Asa Hutchinson

This will be the last radio address of my first four years as Governor. When I took office in January of 2015, four years looked like a long time. We accomplished much, and the time has passed quickly. As the year 2018 draws to a close, it is a good time to reflect and to be thankful. I am most grateful for family, community and friends, but I am also thankful for another four years to serve this state.

Every decision I have made has been driven by my desire to improve the quality of life in Arkansas. Whether the issue is creating a strong workforce, strengthening our schools or transforming and reducing the size of state government, the underlying question always had been – and always will be: “Will this make our state a better place in which to live and work?”

I am moving full speed preparing for my second term. I will continue to pursue my growth agenda of competitive tax cuts, pay raises for starting teachers, government transformation and a plan to improve our system of roads and highways.

As I looked to the future, I created the Red Tape Reduction Task Force to study licensing, certification and fees to see whether we can cut the costs and red tape for people in certain occupations; I created the Arkansas School Safety Commission to assess security at schools and recommend ways to ensure safety; the Transformation Advisory Board presented its plan to reduce state government from 42 cabinet-level agencies to 15.

My growth agenda builds on all we accomplished during my first term, including the Computer Science Initiative, which was the first law that I signed as Governor. The initiative established Arkansas as a leader in computer-science education.

We were the first state in the nation to require all high schools to offer a course in computer coding. Since the fall of 2014, the number of teachers who are teaching computer science has grown from 20 to 372; the number of students enrolled in computer science has increased by 620 percent from 1,100 to over 8,000; and the number of girls studying computer science rose from 223 to nearly 2,500. That’s an increase of 1,100 percent.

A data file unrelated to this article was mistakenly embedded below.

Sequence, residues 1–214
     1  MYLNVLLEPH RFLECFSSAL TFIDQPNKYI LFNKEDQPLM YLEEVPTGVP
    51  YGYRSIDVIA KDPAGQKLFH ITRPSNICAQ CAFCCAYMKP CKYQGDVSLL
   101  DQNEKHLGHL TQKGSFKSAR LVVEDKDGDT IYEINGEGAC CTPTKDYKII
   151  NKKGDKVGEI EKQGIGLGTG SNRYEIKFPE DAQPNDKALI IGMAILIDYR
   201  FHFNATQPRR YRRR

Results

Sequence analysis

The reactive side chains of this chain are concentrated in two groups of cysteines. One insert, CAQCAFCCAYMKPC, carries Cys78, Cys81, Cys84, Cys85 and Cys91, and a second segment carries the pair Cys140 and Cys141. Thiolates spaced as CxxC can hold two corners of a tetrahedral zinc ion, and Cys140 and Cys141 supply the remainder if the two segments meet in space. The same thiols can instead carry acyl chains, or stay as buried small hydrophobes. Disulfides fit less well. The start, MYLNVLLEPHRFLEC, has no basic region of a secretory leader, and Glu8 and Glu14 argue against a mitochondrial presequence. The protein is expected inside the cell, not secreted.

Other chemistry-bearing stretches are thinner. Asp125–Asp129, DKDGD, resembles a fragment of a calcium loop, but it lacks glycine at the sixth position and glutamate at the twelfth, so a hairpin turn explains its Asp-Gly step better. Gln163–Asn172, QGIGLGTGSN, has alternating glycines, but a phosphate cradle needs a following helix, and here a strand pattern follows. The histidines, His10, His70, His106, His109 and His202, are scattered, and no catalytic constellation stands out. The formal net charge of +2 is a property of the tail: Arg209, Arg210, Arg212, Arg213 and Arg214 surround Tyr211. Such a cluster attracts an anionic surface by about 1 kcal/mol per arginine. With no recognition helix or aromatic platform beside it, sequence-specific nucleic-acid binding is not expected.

We have cut taxes by $180 million, the biggest cuts in state history; 90 percent of our individual taxpayers have benefited from the cuts.

Our economy is booming. Our unemployment rate has remained at historic lows, including a period in 2017 when it remained at 3.4 percent for several months.

We have also improved access to post-high school technical training, and we have worked with industry to provide training in high-need professions, such as ammonia refrigeration and the repair and maintenance of diesel engines.

Out-of-state business executives who are looking for a place to expand recognize that we are building a workforce that is well equipped for high-tech industry. We have successfully recruited 310 new and expanding companies, both national and international, to come to Arkansas. That has produced $7 billion in new capital investment in the state and 11,700 new jobs.

The new growth numbers from the census bureau are encouraging. The report confirms that we are creating opportunities in Arkansas that keep our homegrown talent at home and attract new residents. Arkansas’s natural beauty lures tourists, and then they fall in love with our state and make it home.

All of this is good news for the future of Arkansas, and I am grateful for the chance to help make it happen.

Have a safe and happy new year.